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“We put that bait out and it wasn’t even 10 minutes before the rod started clicking,” she said. “I was eating a peanut butter and jelly sandwich and decided I was going to finish my sandwich. It was a pretty easy fight compared to a lot of sharks I’ve caught. It didn’t jump out of the water like a lot of spinners do, but she did do some head shaking.”
The Colwells are veteran shark anglers and well-versed in shark identification. And Nicole knew the state record was 171 pounds.
They weren’t able to get the shark into the boat so they towed it back to the marina. On the way back, Nicole closely examined the shark to confirm that it was a spinner. The dock at Edisto Marina didn’t have a certified scale, but using a length-girth formula they knew the shark was a potential record-breaker. So they loaded the shark back into their boat and trailered it to Charleston Harbor Resort and Marina, which had a certified scale.
Because it was a Sunday, they were unable to find a biologist to confirm the record and they couldn’t find a place in the Charleston area to store the fish. So Nicole took videos and photos of the shark and then iced it down and headed back to the Greenville area. Her father called a friend in Greenville who owns a restaurant and happened to have a vacant walk-in freezer.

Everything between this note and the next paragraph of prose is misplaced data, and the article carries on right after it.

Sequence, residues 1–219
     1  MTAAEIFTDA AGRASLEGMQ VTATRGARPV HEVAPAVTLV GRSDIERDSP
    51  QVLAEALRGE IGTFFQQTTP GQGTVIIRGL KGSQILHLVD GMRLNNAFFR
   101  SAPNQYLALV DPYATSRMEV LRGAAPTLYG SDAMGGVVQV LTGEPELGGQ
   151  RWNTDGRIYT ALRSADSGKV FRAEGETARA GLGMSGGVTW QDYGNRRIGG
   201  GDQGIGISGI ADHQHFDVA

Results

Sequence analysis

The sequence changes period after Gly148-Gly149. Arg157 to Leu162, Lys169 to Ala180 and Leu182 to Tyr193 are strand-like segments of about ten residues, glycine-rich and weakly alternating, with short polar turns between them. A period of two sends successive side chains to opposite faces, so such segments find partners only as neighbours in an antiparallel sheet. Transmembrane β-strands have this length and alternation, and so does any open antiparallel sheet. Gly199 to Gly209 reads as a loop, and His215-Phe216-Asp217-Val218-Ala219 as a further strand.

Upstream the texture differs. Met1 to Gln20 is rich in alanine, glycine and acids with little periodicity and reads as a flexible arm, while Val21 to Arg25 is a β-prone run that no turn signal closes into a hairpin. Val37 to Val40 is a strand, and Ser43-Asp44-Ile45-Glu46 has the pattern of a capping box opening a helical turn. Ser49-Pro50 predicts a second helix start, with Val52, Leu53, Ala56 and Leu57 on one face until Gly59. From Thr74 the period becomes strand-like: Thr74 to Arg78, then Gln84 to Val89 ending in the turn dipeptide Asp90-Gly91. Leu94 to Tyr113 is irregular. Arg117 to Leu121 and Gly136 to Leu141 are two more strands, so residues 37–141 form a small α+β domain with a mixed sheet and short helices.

The following day, Nicole spoke to S.C. Department of Natural Resources shark biologist Bryan Frazier and sent him the videos and photos and later confirmed the catch through SCDNR biologist Amy Dukes.
“Strangely, DNR is doing a research project on spinner sharks and Bryan was up here camping the next weekend and he came by and got some samples,” Nicole said. “So it’s really cool to be part of a research project, too. It was a really crazy couple of days and (a state record is) something I’ve wanted for a very, very long time.”